The researchers3 have suggested that humans change gait patterns to prevent overexertion and possible injury to the relatively small dorsiflexor muscles which were working close to maximum capacity when walking at or above the preferred WR transition speed. To further investigate muscle behavior in gait transitions, muscle functions have been observed in stance and swing phase separately. Prilutsky and Gregor4 reported that during both walking and running
at all studied constant speeds, the soleus (SL), GA, VL, and GM have their activity bursts primarily during the stance phase, and TA, rectus femoris (RF), and BFL were the major muscles controlling the swing phase. Observation has shown that the activation of muscles with swing-related function (TA, BFL, and RF) is typically lower during running than during walking at preferred running speeds (115%, 130%, and 145% of the preferred
WR transition buy Alisertib Selleckchem GSI-IX speed), and the average EMG activity of muscles with pure support-related functions (SL, GA, VL, and GM) is typically lower during walking than during running at preferred walking speeds (55%, 70%, and 85% of the preferred WR transition speed). Prilutsky and Gregor4 suggested that exaggerated swing-related activation of the TA, RF, and BFL is primarily responsible for the WR transition at increased walking Oxygenase speed and higher support-related activation of the SL, GA, and VL triggers the run to walk (RW) transition at decreasing speed. The abovementioned reports3 and 4 described muscle activity at constant locomotion speed ranges close to preferred gait transition speed and suggested that the gait transitions were an instantaneous event in response to some types of trigger. Other researchers5, 6 and 7 suggested a dynamical systems approach to better describe locomotion mechanisms and predict the various parameters related to gait transition. In applying such an approach, locomotion is treated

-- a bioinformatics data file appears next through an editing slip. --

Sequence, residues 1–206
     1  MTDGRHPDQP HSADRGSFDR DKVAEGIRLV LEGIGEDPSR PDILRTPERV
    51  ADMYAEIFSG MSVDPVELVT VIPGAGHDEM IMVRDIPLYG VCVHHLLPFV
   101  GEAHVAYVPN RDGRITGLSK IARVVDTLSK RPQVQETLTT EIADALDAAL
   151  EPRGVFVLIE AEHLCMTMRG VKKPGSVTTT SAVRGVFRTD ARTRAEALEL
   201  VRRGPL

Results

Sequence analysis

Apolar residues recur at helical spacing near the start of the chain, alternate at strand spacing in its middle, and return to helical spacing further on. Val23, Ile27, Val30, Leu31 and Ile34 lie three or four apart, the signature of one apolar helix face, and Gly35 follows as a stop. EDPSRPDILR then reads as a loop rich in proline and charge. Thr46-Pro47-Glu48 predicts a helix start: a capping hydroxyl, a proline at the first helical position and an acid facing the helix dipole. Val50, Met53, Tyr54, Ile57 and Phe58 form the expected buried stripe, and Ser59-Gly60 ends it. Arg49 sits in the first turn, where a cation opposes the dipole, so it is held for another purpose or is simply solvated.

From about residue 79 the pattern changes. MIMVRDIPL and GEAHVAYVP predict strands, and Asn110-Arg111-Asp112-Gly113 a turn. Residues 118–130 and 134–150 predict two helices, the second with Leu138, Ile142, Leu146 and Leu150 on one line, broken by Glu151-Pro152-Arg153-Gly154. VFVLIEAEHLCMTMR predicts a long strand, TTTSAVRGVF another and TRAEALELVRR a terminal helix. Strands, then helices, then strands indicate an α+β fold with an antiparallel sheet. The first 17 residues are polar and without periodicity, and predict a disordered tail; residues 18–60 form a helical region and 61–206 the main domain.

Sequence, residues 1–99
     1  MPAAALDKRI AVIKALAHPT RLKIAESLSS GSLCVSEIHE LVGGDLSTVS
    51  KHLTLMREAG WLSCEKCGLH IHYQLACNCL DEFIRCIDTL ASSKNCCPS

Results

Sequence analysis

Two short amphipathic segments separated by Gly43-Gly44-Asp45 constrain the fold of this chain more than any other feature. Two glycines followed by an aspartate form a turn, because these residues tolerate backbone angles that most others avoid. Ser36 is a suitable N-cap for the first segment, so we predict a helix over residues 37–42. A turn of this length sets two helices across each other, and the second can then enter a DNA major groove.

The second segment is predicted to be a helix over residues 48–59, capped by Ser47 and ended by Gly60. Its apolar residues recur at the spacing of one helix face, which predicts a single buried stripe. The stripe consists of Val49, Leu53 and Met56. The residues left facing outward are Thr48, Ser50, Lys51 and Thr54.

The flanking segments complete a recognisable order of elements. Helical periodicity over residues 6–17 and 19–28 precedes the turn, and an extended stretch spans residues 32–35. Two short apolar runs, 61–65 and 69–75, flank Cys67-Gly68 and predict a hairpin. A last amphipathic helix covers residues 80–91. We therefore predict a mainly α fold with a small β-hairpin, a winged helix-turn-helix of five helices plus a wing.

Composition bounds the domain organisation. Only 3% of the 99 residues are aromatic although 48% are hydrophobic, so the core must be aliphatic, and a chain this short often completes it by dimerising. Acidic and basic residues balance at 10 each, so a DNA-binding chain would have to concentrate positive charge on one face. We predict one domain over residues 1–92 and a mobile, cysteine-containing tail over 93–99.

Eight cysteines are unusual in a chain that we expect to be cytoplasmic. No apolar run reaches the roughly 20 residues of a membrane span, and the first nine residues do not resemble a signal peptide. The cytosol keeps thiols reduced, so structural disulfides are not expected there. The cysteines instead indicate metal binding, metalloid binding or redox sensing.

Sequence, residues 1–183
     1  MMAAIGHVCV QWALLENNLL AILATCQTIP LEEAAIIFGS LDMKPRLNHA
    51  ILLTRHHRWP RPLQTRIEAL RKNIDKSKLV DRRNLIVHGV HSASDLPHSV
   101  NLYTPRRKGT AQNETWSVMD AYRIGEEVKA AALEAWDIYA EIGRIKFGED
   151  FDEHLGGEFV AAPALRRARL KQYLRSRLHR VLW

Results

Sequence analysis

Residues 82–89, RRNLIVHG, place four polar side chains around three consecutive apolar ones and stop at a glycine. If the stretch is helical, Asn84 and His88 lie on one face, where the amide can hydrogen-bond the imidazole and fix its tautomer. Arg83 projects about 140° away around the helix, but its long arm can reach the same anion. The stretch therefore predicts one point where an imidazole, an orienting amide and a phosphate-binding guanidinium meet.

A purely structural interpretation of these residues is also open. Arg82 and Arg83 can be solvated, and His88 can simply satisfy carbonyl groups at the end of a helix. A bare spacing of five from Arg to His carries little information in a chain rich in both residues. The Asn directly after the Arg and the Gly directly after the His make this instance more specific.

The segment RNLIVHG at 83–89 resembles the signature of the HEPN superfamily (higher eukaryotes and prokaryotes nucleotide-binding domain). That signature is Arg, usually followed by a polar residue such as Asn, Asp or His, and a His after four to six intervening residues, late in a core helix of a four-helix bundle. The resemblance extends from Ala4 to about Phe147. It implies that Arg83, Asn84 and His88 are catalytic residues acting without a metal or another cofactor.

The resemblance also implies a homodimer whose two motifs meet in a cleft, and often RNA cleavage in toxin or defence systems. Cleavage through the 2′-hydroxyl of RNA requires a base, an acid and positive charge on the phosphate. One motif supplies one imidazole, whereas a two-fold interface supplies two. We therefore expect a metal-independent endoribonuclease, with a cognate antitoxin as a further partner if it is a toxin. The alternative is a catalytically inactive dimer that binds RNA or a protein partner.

as a self-organizing system. Walking and running are distinguished as different attractor states. Gait transitions represent the bifurcations the attractor states experience when velocity is changed as a control parameter. Nonlinear behavior is often observed as systems approach bifurcation, and system behavior changes gradually as it approaches the bifurcation. Recent support to the nonlinear behavior of gait transitions has shown a quadratic trend of vertical ground reaction forces in relation to locomotion speed as approaching toward gait transition.8 and 9 Gait transition related EMG studies3 and 4 only provide possible explanations of muscle activity during stable speeds. They do not mention muscular activity changes as locomotion speeds approach the preferred transition speed as shown with other gait parameters.